Monash University
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Muska Landay

Version 2 2022-01-31, 12:27
Version 1 2022-01-26, 04:18
posted on 2022-01-31, 12:27 authored by Cat HopeCat Hope

This is a music composition and related materials for the 'Muska Landay' by Cat Hope for amplified speaking voice, a.m. radio, cello and tam tam.

A contemplation dedicated to the resilience and creativity of Afghan women.


This piece is set to an English translation of an Afghan Landay, conceived by Rhalia Muska:

I call. You’re stone.

One day you’ll look and I’ll be gone.

The Landay is an Afghan form of poetry consisting of a single couplet in Pashto, one of two national languages of Afghanistan. Commonly shared orally amongst Pashtan women, these poems consist of 22 syllables – 9 on the first line, 13 on the second. Traditionally, they are sung aloud with the beat of a hand drum. They typically address themes of love, grief, homeland, war, and separation. Like all music, they were banned by the Taliban during 1996 – 2001, and likely again now given the recent Taliban takeover of Afghanistan.

Rahlia Muska (Muska means ‘smile’ in Pashto) was a teenage girl who recited Landays over the phone to a radio program on local Radio Azadi. Radio was her only contact with the outside world. However she passed away after setting herself on fire, not long after her brothers had discovered she was making poetry. This is one of many tragic stories from the women and girls under the Taliban, but her Landays are rebellious and powerful, belying the notion of Afghan women as submissive or defeated. They are strong, resilient, pollical, creative and rebellious.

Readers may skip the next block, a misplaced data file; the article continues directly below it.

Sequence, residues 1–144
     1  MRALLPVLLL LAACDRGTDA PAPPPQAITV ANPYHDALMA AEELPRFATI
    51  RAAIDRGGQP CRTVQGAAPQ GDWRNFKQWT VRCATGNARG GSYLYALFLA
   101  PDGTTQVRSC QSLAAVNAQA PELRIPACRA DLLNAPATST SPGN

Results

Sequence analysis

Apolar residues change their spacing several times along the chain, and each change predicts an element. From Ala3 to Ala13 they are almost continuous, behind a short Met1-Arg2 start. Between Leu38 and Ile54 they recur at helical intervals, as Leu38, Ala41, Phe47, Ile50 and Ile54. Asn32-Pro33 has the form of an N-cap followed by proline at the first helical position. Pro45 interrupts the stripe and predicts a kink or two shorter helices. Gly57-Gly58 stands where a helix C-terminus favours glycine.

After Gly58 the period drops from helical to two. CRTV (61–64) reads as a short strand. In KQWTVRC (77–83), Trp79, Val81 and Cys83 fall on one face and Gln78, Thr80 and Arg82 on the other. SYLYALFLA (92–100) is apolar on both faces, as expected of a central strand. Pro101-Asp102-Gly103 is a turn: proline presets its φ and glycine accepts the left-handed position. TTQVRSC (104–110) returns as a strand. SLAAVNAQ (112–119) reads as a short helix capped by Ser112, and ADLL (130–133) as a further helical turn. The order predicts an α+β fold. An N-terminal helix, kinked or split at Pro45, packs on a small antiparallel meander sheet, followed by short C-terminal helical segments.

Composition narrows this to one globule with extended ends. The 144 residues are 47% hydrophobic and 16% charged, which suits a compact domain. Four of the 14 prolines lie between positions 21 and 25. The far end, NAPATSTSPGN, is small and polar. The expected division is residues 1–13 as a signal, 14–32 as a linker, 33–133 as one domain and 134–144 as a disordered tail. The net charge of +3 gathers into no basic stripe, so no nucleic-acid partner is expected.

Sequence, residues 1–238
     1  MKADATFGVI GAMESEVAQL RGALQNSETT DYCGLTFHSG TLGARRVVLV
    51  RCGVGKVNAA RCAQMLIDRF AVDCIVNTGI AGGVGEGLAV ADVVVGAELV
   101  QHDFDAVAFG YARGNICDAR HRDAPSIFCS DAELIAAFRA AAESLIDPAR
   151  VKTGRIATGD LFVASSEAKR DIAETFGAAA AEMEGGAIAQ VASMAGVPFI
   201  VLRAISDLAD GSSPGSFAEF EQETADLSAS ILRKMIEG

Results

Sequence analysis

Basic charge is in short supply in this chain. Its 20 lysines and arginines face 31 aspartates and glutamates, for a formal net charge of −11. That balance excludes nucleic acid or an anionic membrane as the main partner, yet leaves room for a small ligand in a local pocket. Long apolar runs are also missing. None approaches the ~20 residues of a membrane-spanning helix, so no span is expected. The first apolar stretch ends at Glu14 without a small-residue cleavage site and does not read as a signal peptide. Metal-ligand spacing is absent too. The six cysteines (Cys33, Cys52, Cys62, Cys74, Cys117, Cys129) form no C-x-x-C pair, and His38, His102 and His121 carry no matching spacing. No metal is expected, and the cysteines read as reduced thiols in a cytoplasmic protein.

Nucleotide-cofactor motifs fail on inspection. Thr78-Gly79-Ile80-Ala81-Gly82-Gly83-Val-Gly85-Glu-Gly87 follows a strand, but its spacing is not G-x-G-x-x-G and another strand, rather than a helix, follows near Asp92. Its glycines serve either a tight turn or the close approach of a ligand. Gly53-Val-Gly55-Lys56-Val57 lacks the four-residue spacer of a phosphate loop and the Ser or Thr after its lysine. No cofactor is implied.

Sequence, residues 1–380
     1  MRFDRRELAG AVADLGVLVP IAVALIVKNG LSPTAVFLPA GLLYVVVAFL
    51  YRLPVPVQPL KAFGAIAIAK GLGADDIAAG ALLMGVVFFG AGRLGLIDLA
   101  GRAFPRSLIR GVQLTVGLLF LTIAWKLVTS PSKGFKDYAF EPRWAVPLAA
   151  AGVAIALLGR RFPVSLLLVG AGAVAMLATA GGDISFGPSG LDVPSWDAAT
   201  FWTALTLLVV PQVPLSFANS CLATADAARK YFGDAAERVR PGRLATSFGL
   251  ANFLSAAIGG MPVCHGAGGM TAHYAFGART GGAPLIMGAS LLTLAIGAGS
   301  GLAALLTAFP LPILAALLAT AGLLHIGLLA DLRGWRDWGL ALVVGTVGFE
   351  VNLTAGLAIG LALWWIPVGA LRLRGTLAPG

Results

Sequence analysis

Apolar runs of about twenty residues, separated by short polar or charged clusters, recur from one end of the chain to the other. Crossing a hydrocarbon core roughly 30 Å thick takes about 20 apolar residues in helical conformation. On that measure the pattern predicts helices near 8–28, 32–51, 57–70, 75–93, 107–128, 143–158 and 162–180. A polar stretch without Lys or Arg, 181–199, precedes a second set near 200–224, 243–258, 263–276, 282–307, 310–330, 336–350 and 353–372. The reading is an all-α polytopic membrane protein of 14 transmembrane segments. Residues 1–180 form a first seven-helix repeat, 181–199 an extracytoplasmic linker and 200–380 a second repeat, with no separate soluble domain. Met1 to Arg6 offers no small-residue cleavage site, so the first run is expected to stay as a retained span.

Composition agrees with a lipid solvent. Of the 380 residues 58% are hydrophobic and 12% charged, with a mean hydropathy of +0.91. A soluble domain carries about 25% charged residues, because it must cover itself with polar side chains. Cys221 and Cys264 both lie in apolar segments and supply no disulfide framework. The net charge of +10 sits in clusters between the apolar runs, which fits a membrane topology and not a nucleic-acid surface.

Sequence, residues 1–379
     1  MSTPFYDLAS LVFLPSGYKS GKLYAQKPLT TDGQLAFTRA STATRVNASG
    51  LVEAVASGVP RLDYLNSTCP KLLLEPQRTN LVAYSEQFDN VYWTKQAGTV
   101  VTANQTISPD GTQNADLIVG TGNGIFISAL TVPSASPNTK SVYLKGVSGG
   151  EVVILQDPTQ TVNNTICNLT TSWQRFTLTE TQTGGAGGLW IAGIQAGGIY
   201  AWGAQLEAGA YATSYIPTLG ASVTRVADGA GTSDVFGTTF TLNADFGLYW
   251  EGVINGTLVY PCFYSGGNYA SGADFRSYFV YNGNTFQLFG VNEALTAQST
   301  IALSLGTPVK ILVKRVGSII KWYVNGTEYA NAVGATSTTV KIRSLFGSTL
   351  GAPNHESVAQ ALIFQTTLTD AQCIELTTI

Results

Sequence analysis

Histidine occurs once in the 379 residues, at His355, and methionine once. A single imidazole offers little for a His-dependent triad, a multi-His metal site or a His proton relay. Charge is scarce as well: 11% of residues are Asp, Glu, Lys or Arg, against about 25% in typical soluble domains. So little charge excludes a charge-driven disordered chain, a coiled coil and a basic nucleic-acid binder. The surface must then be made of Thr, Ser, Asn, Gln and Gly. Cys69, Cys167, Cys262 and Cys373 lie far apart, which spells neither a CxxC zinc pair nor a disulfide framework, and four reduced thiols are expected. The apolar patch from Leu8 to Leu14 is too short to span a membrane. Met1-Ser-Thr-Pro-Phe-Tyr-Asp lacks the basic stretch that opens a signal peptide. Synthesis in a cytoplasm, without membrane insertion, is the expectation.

The graphic score is made by creating musical gestures by tracing over a photograph of flowing burqa’s worn by Afghan women under an aircraft, from a photograph by Seamus Murphy. The syllables of this English translation, when combined with the musical gestures, add up to the 22 syllables of the original Pashto version. The voice is spoken and amplified, as if heard on via radio. The work explores the potential of graphic notation to reflect or ‘contain’ certain aural (oral) traditions that may evolve of time. This Landay was translated into English by Eliza Griswold.


The score is proportional, with the highest point of the screen being the highest pitch reference, the bottom being the lowest pitch reference. Line thickness indicates dynamic (should be very soft as a starting point). TamTam: each line is a single large, soft mallet/superball. Small dots are staccato effects. The first figure is a two mallet figure. Cello: double stops indicated by two lines. Small dots are pizzicato. The voice should be spoken in a droll tone. The a.m. radio should be tuned to static and the volume never above soft, and the volume manipulated as notated. Vertical dotted lines signal important ensemble coordination points.


Premiere: 25 November 2021, David Li Sound Gallery, Monash University. Louise Devenish (percussion), David Moran (cello), Kitty Robinson (voice).


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